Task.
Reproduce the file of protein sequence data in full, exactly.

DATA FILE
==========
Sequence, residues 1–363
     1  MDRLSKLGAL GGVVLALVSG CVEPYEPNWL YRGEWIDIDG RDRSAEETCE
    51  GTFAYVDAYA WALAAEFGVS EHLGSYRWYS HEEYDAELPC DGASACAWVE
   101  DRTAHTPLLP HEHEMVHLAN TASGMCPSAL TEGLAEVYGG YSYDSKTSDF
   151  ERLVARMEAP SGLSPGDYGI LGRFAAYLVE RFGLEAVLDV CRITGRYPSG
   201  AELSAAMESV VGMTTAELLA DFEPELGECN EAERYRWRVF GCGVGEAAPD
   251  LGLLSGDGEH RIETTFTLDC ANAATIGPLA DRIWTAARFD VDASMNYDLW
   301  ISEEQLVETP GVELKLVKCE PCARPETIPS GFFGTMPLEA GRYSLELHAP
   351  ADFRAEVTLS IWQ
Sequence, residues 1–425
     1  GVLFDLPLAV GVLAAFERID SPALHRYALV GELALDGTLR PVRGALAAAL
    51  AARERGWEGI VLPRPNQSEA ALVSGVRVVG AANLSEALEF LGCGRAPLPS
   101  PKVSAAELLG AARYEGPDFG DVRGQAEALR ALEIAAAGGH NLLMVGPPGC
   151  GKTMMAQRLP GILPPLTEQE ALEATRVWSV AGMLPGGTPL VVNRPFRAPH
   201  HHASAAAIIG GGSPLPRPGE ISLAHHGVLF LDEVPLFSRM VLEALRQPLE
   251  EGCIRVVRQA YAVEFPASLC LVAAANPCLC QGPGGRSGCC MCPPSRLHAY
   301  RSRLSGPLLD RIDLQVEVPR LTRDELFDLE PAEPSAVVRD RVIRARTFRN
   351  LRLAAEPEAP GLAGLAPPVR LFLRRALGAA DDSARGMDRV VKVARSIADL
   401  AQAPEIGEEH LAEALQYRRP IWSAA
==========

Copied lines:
Sequence, residues 1–363
     1  MDRLSKLGAL GGVVLALVSG CVEPYEPNWL YRGEWIDIDG RDRSAEETCE
    51  GTFAYVDAYA WALAAEFGVS EHLGSYRWYS HEEYDAELPC DGASACAWVE
   101  DRTAHTPLLP HEHEMVHLAN TASGMCPSAL TEGLAEVYGG YSYDSKTSDF
   151  ERLVARMEAP SGLSPGDYGI LGRFAAYLVE RFGLEAVLDV CRITGRYPSG
   201  AELSAAMESV VGMTTAELLA DFEPELGECN EAERYRWRVF GCGVGEAAPD
   251  LGLLSGDGEH RIETTFTLDC ANAATIGPLA DRIWTAARFD VDASMNYDLW
   301  ISEEQLVETP GVELKLVKCE PCARPETIPS GFFGTMPLEA GRYSLELHAP
   351  ADFRAEVTLS IWQ
Sequence, residues 1–425
     1  GVLFDLPLAV GVLAAFERID SPALHRYALV GELALDGTLR PVRGALAAAL
    51  AARERGWEGI VLPRPNQSEA ALVSGVRVVG AANLSEALEF LGCGRAPLPS
   101  PKVSAAELLG AARYEGPDFG DVRGQAEALR ALEIAAAGGH NLLMVGPPGC
   151  GKTMMAQRLP GILPPLTEQE ALEATRVWSV AGMLPGGTPL VVNRPFRAPH
   201  HHASAAAIIG GGSPLPRPGE ISLAHHGVLF LDEVPLFSRM VLEALRQPLE
   251  EGCIRVVRQA YAVEFPASLC LVAAANPCLC QGPGGRSGCC MCPPSRLHAY
   301  RSRLSGPLLD RIDLQVEVPR LTRDELFDLE PAEPSAVVRD RVIRARTFRN
   351  LRLAAEPEAP GLAGLAPPVR LFLRRALGAA DDSARGMDRV VKVARSIADL
   401  AQAPEIGEEH LAEALQYRRP IWSAA